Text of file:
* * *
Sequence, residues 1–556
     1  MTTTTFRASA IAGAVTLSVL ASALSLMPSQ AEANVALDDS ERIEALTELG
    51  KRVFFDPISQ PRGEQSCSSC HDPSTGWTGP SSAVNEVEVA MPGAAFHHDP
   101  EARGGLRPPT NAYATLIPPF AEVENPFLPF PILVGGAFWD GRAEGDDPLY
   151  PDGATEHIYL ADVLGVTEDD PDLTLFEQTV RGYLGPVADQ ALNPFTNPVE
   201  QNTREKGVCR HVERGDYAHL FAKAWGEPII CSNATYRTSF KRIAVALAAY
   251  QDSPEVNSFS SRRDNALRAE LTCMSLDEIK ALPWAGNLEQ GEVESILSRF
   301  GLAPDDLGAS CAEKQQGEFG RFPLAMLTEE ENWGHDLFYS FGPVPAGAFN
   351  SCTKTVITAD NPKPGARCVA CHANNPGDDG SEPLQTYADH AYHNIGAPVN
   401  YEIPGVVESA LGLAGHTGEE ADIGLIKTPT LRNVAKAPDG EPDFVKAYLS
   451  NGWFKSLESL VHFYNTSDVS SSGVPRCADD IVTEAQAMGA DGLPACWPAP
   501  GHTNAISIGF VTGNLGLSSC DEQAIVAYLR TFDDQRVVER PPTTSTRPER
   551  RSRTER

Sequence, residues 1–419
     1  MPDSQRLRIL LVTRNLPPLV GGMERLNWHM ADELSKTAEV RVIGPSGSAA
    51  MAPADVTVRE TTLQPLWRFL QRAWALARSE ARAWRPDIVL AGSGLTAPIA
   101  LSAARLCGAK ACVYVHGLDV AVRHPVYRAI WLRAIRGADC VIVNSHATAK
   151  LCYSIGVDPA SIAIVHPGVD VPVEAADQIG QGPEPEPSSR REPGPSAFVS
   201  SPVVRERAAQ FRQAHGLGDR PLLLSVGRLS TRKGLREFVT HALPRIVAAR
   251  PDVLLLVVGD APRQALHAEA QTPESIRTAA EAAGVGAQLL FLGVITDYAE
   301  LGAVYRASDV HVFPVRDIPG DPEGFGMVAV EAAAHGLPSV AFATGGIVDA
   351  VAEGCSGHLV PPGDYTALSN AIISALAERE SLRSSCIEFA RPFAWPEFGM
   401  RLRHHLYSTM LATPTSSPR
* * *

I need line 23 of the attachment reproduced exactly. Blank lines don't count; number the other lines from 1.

   401  RLRHHLYSTM LATPTSSPR